A young man who survives a disaster at sea is hurtled into an epic journey of adventure and discovery. While cast away, he forms an unexpected connection with another survivor: a fearsome Bengal tiger.
Clark Kent, an alien of a now extinct race disguised as a bystander of our kind is forced to reveal his true identity when Earth is invaded by an army of survivors who threaten to bring the planet to the brink of destruction.
Dr. Ryan Stone (Sandra Bullock) is a brilliant medical engineer on her first shuttle mission, with veteran astronaut Matt Kowalsky (George Clooney) in command of his last flight before retiring. But on a seemingly routine spacewalk, disaster strikes. The shuttle is destroyed, leaving Stone and Kowalsky completely alone - tethered to nothing but each other and spiraling out into the blackness. Written by
The film's cascade of debris is a very real possibility. This scenario is known as the Kessler syndrome, named after N.A.S.A. scientist Donald J. Kessler who first proposed the theory in 1978. A cascading Kessler syndrome involving an object the size of the International Space Station would trigger a catastrophic chain-reaction of debris. The orbiting debris field would make it impossible to launch space exploration missions or satellites for many decades. See more »
Kowalski estimates they have 90 minutes before the debris field completes an orbit and threatens them again. That's not at all how things in orbit work. The original Russian satellite traveled in its own (presumably low-Earth-orbit). Assume it exploded with great force. The debris by definition would be sent into every direction, the density of objects attenuating by the cube of the distance the debris traveled. It would be very unlikely for any debris to reach the Shuttle, ISS or Chinese space station, or even other satellites. The film shows huge numbers of pieces hitting all at once, despite the debris being the result of multiple collisions separated by time, distance and original orbital track. No matter what, the debris would be in a completely different orbit from the ISS, and would not return. See more »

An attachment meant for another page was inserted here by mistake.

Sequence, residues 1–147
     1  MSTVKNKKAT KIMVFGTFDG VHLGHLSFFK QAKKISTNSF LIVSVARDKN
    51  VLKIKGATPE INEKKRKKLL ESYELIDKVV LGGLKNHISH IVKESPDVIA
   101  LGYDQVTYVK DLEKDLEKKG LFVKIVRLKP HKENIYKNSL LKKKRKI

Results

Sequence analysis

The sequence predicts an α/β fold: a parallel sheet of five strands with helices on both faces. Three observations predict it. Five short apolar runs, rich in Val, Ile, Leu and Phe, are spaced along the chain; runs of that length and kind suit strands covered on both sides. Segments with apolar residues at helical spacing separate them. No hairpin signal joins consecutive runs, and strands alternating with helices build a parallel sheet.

Please verify that the P1 ATA removal on replacement cap part 1 and 2 are complete.
DMA, M1, M2, M3 and M4 are complete.
Okay. Copy that, Explorer. Dr. Stone, Houston. Medical is concerned about your ECG readings.
I'm fine, Houston.
Well, medical doesn't agree, Doc. Are you feeling nauseous?
Not anymore than usual, Houston. Diagnostics are green. Link to communications card ready for data reception. If this works, when we touch down tomorrow, I'm buying all you guys a round of ...
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There are no opening credits, with the exception of the movie's title, which also appears at the start of the closing credits, and again halfway through the closing credits See more »
Just when I thought "Lost in Translation" would win the golden cupie doll for the most overrated movie of all time, along comes "Gravity" to steal it out from under Bill Murray's nose hairs.
Winning this award is a lot like winning the Double Golden Turkey Award (points if you know which movie won THAT one) - except at least Ed Wood TRIED to make a movie. He had a genuine creative vision that was completely corny and turned out to be the most terrible movie of all time, but it was GENUINE. He worked with the materials he had and made an honest attempt.
"Gravity" has no such creative vision. It has no such honest attempt to make the best movie it could for the bloated budget sunk into it's production. It doesn't have a director that is emotionally involved in his own creation. Don't let the mindless drones fool you - the script is a class of mediocre all it's own.
It is pointless and utterly absurd that this movie was even made. Only more absurd is the high rating this movie has. It's like nobody wants to admit that this is a crappy movie so they just keep giving it a 10 and cheering it on like it's going to magically make it a good movie.
No, it does not. A lie spoken ten thousand times is still a lie, saying it over and over again does not make it true. I can keep coming online and posting that the moon is made of cheese, it doesn't mean the moon rocks are made of cheddar.
I sometimes doubt anyone really enjoyed this movie as much as they enjoy going online to argue about it.
But back to the movie - oh the flaws, so many to count so I'll just stick with the few that really stand out. One pet peeve that comes to mind is the lack of adult diapers - the director was more concerned about making Sandra Bullock's butt look good than he was portraying a semblance of realism.
As for the "Symbolism" of the movie - don't make me laugh. If you want symbolism, please watch "The Matrix" movies or "Lost." THOSE productions are chock full of symbolism.
The symbolism of "Gravity" is a superficial attempt to inject depth and meaning that the script just doesn't have. The script is beyond poorly written.
It's important to note - I REALLY WANTED TO LIKE THIS MOVIE. When I plunked down my thirty dollars to watch this in 3D with my date, I was prepared to find nothing but good in this movie. Sadly, it just doesn't deliver.
I am more angry at the lazy attempt to polish a crappy script and present it as a "visual masterpiece" to make up for it's lack of substance than I am about anything else. Except, of course, the hordes of mindless zombies going online to constantly defend this movie like their lives depend on it.
Go ahead and give this review a thumbs down. It only proves how right I am.
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